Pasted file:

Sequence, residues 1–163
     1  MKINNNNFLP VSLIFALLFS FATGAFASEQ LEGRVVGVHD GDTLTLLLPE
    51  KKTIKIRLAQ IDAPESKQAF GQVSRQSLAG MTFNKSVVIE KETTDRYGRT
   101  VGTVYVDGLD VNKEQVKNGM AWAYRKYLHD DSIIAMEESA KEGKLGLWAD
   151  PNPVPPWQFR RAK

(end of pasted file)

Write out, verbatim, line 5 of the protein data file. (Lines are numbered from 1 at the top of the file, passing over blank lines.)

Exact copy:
   151  PNPVPPWQFR RAK